By Boris Pavlishchev
Iran is ready for serious talks with the five permanent members of the UN Security Council, plus Germany, on its controversial nuclear program, speaker of Iran’s parliament Ali Larijani said Thursday during his visit to Turkey. Mr. Larijani stressed that Iran’s nuclear program is ‘for purely peaceful purposes.’
In the meantime, Israeli open source military intelligence website, Debka.com, has claimed that Iran is getting ready to carry out an underground test of a one-kiloton nuclear device during 2012 or in early 2013, much like the test carried out by North Korea in 2006.
Assessing the likelihood of such a nuclear test is quite a challenging task. To develop a nuclear warhead, Iran needs to have uranium enriched to 90% purity. Meanwhile, Iran`s technology is not that advanced to ensure the implementation of this test. Although chances are still there for the country to receive enriched uranium from abroad, says Pyotr Topychkanov, a scientist at the Russian Academy of Sciences:
“In the 1990s or in the early 2000s Iran could have illegally received enough uranium from abroad. There are international networks smuggling nuclear technology and materials, like the one in Pakistan, named after prominent nuclear scientist Abdul Qadeer Khan.”
It is worth mentioning, however, that unlike Israel or Pakistan, Iran has signed the Comprehensive Nuclear Test-Ban Treaty, and insists on its adherence to the nuclear non-proliferation regime. So, if Tehran is really preparing an underground nuclear test, it should first quit the several international agreements it had previously signed. But Iran may choose an alternative way to go, believes Pyotr Topychkanov…
“It is possible that Iran decides not to quit these international agreements and carry out the test secretly, claiming that it being conducted for peaceful purposes, or stage it abroad, say, in Pakistan or North Korea.”
The expert admits, however, that Iran’s nuclear test would by all means result in the Arab states and Turkey also willing to seek nuclear technology and weapons. As far as Israel, the U.S. and Europe are concerned, their reaction to the test is going to be very tough, and a military attack on Iran cannot be ruled out.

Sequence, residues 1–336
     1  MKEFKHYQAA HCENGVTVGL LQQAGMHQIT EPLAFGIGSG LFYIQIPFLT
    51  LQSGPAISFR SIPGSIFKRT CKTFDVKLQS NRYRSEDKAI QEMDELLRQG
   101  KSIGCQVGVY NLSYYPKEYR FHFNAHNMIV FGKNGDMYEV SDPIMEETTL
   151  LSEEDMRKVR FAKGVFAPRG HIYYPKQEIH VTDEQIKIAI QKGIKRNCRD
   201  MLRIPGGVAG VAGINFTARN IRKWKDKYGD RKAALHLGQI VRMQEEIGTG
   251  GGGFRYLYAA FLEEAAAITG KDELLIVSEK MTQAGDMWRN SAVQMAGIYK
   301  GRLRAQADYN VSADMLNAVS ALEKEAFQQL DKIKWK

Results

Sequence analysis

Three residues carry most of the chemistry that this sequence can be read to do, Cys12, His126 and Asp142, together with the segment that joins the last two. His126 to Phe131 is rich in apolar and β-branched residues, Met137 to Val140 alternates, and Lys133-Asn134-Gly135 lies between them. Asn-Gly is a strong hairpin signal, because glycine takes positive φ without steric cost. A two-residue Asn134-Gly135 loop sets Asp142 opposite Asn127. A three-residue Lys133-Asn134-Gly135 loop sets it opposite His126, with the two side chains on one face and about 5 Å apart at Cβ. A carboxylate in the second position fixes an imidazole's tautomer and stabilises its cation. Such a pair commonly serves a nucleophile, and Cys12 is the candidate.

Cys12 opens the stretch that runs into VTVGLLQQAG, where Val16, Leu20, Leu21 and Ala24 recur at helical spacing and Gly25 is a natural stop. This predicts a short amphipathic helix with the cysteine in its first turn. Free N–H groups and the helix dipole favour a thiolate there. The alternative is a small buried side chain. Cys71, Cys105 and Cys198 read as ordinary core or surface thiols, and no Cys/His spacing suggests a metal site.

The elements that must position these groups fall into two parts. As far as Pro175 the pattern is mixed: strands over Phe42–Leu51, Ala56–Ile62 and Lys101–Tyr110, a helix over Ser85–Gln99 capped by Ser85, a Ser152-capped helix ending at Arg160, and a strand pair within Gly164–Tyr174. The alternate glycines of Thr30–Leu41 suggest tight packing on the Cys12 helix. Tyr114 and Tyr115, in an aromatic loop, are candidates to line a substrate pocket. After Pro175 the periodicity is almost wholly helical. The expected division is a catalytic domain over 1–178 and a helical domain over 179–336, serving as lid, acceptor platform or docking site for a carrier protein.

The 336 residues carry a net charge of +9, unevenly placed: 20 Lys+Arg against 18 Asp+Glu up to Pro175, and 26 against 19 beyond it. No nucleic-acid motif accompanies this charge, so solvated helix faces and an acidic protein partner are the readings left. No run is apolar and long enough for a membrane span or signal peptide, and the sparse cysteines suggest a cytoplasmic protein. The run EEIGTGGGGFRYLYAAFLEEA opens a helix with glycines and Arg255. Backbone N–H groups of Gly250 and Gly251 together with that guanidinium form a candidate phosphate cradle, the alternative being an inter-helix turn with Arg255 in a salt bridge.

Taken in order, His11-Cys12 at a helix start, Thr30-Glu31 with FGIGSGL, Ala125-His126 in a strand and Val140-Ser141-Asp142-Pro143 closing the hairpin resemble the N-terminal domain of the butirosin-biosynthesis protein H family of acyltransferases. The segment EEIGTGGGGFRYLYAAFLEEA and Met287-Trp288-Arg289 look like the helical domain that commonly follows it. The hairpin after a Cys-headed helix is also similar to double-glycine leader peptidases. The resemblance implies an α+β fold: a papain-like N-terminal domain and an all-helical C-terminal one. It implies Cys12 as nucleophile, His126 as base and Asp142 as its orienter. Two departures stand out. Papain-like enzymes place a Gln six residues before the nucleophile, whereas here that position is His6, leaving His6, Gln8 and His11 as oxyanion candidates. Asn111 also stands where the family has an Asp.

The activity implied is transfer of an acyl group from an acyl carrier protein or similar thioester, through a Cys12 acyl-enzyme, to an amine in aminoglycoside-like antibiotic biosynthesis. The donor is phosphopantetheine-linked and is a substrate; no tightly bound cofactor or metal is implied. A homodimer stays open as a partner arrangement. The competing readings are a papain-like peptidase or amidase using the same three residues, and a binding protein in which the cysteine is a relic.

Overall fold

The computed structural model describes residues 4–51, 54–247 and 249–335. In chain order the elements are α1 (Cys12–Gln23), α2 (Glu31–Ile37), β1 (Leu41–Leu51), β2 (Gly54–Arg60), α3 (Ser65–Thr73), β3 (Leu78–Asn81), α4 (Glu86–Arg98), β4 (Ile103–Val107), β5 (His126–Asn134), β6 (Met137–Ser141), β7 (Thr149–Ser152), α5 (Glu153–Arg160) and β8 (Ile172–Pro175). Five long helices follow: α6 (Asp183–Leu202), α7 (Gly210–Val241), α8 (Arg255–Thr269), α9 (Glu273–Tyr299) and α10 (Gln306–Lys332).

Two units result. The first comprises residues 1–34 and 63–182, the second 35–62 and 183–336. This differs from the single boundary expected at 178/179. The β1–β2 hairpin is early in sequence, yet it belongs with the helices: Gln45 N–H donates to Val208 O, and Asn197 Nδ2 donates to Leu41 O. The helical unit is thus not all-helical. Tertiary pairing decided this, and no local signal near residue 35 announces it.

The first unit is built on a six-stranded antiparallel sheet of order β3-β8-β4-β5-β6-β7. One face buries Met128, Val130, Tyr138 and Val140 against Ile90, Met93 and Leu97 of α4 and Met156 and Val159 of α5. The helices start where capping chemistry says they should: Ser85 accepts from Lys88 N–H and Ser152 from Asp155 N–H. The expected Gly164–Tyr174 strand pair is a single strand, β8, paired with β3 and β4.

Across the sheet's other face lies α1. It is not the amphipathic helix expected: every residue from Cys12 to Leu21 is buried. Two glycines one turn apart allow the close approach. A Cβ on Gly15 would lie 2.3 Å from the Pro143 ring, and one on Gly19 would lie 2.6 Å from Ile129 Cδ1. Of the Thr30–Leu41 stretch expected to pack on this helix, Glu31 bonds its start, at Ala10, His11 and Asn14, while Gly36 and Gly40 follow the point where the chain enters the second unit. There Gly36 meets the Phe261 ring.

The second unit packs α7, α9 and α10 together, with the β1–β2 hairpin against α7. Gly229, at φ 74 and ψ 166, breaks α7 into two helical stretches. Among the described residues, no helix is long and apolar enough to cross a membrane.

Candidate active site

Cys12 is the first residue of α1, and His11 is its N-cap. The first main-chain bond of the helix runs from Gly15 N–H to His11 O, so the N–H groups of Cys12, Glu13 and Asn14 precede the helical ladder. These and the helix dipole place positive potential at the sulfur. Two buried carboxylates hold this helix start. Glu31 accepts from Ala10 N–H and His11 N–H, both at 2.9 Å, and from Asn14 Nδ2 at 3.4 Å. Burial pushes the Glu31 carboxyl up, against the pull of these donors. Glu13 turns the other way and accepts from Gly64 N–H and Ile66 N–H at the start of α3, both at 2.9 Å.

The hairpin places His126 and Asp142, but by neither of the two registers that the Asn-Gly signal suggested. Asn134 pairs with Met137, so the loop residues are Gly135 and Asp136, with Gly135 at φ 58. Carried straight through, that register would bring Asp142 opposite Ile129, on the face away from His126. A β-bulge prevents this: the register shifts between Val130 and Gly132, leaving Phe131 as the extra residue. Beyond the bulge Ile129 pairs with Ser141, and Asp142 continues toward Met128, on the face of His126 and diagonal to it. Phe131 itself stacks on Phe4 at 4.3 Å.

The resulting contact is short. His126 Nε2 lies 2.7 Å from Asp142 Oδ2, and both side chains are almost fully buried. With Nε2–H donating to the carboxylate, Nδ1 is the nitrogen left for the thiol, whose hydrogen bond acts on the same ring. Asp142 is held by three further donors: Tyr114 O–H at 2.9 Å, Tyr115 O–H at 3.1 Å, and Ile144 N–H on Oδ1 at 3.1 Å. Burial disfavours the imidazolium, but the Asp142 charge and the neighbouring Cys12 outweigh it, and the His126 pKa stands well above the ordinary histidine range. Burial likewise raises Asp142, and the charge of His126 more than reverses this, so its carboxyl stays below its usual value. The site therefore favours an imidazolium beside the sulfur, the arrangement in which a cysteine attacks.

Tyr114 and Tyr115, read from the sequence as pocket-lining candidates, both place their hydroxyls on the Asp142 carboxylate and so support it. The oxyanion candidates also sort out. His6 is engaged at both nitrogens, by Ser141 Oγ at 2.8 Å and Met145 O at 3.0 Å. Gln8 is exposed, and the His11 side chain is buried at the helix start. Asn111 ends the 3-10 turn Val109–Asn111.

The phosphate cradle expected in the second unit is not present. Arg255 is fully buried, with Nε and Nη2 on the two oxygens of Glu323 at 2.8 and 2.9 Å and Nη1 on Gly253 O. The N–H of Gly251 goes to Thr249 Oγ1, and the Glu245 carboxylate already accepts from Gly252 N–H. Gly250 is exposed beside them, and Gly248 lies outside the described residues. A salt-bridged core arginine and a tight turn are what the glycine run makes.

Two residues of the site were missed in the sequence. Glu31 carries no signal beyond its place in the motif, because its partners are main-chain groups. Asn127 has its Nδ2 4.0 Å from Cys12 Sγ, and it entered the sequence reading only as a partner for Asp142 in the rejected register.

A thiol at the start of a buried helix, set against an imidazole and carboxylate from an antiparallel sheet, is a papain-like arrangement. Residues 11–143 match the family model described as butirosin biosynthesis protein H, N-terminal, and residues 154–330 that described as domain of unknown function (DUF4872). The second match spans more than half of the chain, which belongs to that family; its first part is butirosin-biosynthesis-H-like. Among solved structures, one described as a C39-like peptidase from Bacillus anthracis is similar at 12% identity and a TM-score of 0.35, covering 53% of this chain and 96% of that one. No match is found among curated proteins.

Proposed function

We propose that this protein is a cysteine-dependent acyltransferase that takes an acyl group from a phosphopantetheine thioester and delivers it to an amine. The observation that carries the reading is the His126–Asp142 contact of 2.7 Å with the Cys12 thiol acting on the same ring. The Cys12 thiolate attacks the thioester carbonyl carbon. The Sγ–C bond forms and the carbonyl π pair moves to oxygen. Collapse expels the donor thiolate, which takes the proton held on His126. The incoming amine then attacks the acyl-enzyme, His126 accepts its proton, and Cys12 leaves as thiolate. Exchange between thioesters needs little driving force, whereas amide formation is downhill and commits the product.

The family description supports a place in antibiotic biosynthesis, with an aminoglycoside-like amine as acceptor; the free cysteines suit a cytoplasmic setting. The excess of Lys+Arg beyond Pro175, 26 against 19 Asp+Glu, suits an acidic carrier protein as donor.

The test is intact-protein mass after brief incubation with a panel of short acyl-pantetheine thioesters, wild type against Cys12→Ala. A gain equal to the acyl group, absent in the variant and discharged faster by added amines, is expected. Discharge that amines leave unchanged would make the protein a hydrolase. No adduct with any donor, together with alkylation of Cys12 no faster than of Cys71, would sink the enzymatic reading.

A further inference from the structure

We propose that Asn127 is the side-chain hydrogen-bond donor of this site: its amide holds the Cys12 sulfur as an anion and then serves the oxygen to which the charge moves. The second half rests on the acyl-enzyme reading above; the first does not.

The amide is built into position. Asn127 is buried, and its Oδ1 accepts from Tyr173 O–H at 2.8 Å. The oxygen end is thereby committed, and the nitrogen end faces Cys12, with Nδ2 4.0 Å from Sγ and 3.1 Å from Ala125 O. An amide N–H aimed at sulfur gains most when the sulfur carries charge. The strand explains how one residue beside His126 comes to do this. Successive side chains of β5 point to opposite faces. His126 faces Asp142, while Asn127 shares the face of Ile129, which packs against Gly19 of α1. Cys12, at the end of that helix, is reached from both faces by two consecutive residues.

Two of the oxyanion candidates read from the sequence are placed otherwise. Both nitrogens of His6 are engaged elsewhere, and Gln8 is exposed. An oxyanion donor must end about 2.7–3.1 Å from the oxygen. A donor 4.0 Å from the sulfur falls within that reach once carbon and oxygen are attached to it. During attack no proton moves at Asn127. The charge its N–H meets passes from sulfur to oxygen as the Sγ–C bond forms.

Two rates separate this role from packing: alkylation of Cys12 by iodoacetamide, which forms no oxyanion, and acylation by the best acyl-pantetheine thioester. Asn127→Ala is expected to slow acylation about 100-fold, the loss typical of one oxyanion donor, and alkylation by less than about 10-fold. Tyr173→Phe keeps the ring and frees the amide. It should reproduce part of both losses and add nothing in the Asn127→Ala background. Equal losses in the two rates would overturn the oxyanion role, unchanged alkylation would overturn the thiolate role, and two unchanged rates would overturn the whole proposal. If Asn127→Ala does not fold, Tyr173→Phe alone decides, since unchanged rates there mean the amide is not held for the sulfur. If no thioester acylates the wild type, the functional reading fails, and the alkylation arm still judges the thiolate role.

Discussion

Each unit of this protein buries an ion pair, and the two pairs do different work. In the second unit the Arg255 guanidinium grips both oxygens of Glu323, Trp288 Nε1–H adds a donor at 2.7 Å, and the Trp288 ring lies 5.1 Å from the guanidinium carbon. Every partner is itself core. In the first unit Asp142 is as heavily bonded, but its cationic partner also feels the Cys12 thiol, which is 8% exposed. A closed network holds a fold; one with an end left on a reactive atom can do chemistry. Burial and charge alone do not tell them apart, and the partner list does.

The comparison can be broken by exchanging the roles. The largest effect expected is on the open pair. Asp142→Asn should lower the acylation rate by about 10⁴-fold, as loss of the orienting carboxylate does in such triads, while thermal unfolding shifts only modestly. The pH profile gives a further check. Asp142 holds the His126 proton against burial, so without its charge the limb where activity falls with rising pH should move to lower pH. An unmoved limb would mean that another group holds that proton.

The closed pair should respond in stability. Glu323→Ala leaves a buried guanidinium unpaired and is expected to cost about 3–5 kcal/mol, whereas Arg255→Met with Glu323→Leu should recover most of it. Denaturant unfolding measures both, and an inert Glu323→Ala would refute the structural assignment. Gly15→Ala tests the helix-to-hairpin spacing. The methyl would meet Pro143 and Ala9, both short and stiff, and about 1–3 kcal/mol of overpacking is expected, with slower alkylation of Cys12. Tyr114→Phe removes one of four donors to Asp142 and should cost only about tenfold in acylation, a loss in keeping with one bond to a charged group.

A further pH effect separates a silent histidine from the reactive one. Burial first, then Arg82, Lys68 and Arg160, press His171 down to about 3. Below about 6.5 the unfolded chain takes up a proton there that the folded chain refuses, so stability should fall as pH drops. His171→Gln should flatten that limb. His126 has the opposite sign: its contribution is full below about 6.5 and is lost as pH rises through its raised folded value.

Yevgeny Satanovsky, President of the Middle East Institute, has a different point of view…
“As soon as the test takes place, attacking Iran won`t make any sense. Remember North Korea: nobody is going to invade it now precisely because it possesses one or even two nuclear bombs. At the same time, Muammar Gaddafi, who had renounced a nuclear program, did not survive. Saddam, who had failed to implement his nuclear program, was executed. It is very simple: you will only survive if your have nukes.”
In view of this, the statement released by Israel on Debka.com could be interpreted as a provocation, Mr. Satanovsky believes.
“This kind of statements may be made on purpose, even by Iran itself, for example, as a threat to Israel and the West. By doing so, Tehran might want to warn everyone that it is about to become a nuclear state.”
Both experts interviewed by the VoR agree that although the information on the Israeli website is difficult to verify, it is unlikely to be a provocation since there are other media outlets where such statements can be made, using a different tone, too. This very report appears to be a deliberate leak amid the continuing aggression against Iran. The task of world powers now is to prevent this information from becoming a reality, and this is where Russia and China, who have always insisted on a peaceful solution to the Iranian nuclear issue, come in.